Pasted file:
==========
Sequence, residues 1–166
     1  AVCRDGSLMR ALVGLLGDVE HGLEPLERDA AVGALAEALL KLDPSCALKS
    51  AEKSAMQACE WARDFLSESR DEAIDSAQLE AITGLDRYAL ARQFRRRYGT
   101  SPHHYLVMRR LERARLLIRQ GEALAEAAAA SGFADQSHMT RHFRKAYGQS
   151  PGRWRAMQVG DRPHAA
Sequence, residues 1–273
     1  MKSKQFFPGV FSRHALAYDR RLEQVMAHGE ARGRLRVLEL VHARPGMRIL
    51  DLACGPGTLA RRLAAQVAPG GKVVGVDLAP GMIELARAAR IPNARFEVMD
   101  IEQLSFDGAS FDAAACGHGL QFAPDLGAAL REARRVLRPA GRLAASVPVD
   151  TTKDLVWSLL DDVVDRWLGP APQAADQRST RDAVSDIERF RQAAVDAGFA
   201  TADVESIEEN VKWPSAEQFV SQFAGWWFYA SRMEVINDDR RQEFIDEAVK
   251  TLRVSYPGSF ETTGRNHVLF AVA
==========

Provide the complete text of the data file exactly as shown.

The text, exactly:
Sequence, residues 1–166
     1  AVCRDGSLMR ALVGLLGDVE HGLEPLERDA AVGALAEALL KLDPSCALKS
    51  AEKSAMQACE WARDFLSESR DEAIDSAQLE AITGLDRYAL ARQFRRRYGT
   101  SPHHYLVMRR LERARLLIRQ GEALAEAAAA SGFADQSHMT RHFRKAYGQS
   151  PGRWRAMQVG DRPHAA
Sequence, residues 1–273
     1  MKSKQFFPGV FSRHALAYDR RLEQVMAHGE ARGRLRVLEL VHARPGMRIL
    51  DLACGPGTLA RRLAAQVAPG GKVVGVDLAP GMIELARAAR IPNARFEVMD
   101  IEQLSFDGAS FDAAACGHGL QFAPDLGAAL REARRVLRPA GRLAASVPVD
   151  TTKDLVWSLL DDVVDRWLGP APQAADQRST RDAVSDIERF RQAAVDAGFA
   201  TADVESIEEN VKWPSAEQFV SQFAGWWFYA SRMEVINDDR RQEFIDEAVK
   251  TLRVSYPGSF ETTGRNHVLF AVA